I’m sitting here watching the

I’m sitting here watching the All-Star game in beautiful Miller Park and thinking about the accounting “scandals” of recent months. Here are my thoughts, for what they are worth:
1) I have an intense personal interest in the subject, since I own WorldCom stock that at one time was “worth” about $70,000 (of course, I paid nowhere near that amount). Now, that stock would maybe buy dinner for my family and a couple of guests.
2) Almost everything that has been written in the newspapers about WorldCom is pathetically stupid. WorldCom did not tank because of accounting irregularities. WorldCom tanked because its business model was flawed and it paid way too much for any number of acquisitions–which was one of the hallmarks of business in the ’90’s. The accounting irregularities–capitalizing expenses–represented management’s effort to hide the bleeding for a while, hoping that the telecom market would turn around. It didn’t. I didn’t lose a nickel because of these accounting issues; on the contrary, they helped give me a window of opportunity of a year or so in which I could have sold my WorldCom stock. Unfortunately, I failed to take advantage of the opportunity and didn’t sell a single share.
3) The crocodile tears shed by politicians over people who ostensibly lost their “life’s savings” by investing in WorldCom (or Enron, Global Crossing or whatever) are likewise absurd. I trust that virtually no one is stupid enough (or greedy enough) to invest his or her entire “life’s savings” in the stock of a single company. I certainly don’t know anyone that dumb.
4) One thing you never read about in the press is investor greed. This is a glaring omission. Give me a break; why do you think people bought telecom stocks at 100 or more times earnings (or far more than that, in the case of WorldCom)? They watched stock prices go out of sight in what everyone knew was a speculative bubble. While the prosperity of the ’90’s was not a fiction (just as the prosperity of the ’80’s was real), the stock inflation of the late ’90’s–unlike the comparable gains of the ’80’s–was a hoax, and everyone who had any sense knew it. People who bought Yahoo at 75 knew perfectly well, unless they were brain-damaged, that the stock was not worth anywhere near that amount, but they figured that since the last guy who owned it made money going from 50 to 75, they would likewise make money on the next run-up. These people may as well have been buying tulips. If they lost money, they were victims of their own greed.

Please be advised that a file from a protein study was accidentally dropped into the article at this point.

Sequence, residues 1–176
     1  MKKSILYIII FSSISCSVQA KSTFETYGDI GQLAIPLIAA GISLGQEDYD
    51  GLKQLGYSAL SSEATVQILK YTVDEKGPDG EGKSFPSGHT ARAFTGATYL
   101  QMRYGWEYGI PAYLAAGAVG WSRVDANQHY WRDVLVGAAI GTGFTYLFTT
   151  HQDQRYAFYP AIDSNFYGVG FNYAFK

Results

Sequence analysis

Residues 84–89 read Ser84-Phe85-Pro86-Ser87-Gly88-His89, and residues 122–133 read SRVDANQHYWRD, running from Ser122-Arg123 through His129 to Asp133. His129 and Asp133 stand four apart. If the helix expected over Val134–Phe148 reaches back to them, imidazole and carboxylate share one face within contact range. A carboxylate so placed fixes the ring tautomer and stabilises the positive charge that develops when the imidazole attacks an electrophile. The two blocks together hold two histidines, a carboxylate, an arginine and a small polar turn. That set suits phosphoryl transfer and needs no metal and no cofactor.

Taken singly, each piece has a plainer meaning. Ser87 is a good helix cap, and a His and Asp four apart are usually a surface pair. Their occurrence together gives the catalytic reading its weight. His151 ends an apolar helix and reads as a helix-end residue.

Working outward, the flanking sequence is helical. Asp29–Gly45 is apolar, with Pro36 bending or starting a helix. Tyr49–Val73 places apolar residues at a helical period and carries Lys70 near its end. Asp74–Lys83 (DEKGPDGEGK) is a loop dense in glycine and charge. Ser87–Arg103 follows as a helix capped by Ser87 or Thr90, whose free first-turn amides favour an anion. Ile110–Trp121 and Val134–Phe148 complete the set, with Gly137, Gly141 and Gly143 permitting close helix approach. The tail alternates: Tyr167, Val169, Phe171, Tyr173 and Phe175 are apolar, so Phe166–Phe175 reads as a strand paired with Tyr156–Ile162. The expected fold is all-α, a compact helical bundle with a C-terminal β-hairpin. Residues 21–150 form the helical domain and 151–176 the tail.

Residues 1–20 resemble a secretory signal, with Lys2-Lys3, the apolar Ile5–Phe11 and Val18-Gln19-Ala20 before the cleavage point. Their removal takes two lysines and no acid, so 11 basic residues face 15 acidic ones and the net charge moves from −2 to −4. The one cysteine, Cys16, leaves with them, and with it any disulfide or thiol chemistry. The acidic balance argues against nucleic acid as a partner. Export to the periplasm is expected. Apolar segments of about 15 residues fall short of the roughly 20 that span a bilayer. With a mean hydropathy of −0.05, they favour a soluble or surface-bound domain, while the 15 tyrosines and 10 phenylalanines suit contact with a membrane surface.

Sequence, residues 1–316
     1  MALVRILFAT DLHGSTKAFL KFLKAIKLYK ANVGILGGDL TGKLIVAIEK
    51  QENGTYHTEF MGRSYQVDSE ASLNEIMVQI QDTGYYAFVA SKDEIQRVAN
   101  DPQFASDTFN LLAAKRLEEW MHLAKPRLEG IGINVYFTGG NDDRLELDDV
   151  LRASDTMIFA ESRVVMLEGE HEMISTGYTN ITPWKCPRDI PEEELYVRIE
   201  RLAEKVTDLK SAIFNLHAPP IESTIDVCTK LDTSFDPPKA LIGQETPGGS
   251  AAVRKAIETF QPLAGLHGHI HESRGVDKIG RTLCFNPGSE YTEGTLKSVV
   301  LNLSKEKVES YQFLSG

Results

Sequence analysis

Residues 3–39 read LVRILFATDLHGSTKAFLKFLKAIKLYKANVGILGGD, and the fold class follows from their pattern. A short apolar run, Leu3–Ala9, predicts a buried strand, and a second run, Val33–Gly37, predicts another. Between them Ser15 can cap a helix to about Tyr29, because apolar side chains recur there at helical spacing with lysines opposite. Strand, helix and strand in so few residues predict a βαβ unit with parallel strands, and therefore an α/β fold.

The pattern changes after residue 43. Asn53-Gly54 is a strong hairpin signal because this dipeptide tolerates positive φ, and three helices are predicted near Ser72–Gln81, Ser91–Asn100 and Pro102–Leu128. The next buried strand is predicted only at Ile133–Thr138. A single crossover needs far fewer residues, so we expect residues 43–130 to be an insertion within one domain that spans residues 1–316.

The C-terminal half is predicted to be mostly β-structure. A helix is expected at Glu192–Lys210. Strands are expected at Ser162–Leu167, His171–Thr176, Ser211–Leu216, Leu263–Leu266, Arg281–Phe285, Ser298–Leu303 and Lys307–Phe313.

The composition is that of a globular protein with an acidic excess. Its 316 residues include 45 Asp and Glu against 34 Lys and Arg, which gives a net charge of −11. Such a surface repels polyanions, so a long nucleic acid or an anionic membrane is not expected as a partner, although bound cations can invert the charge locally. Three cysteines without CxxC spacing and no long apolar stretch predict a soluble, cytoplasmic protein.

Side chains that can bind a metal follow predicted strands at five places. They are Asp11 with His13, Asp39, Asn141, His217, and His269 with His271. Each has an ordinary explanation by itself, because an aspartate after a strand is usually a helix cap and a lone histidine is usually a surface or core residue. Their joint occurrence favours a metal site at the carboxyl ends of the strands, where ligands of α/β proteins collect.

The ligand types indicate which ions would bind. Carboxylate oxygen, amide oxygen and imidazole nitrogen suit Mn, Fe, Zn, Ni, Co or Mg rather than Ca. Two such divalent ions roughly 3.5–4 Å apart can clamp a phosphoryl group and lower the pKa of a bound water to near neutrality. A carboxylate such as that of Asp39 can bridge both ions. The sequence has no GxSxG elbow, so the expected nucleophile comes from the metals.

5) Fraud is not a new phenomenon. It has existed from more or less the beginning of time and has been illegal for centuries. The last thing we need is more statutes making fraud even more illegal than it was last year. Existing statutes are more than sufficient if they are enforced, kind of like guns or campaign finance.
6) I have no sympathy for corporate executives who commit fraud. However, they could be worse: they could be involved with Social Security. Social Security has been a fraud from the beginning; if Franklin Roosevelt had been a private stock promoter, he would have gone to jail for telling people that the money they paid in Social Security taxes would go into an “account” that corresponded to their “Social Security numbers,” and would be saved for them until their retirement. Until recently, a great many people actually believed that somewhere they had a “Social Security account.” Today, politicians who encourage people to rely on Social Security, and who condone mass mailings by the Social Security Administration telling workers (like me) how much they can expect to receive when they retire, are committing a colossal fraud. They know perfectly well that there is no assurance whatsoever that Social Security payments will be made, since the amount (if any) of such payments is entirely discretionary with Congress. They know equally well that the money will not be available in twenty to thirty years to pay the amounts currently expected by those who pay into the system, whose money is gone forever, wasted mostly on silly social programs. This is a scandal that dwarfs anything perpetrated by WorldCom and Enron and Global Crossing, and the very same Congressmen who demagogue “corporate corruption” are perpetrating it.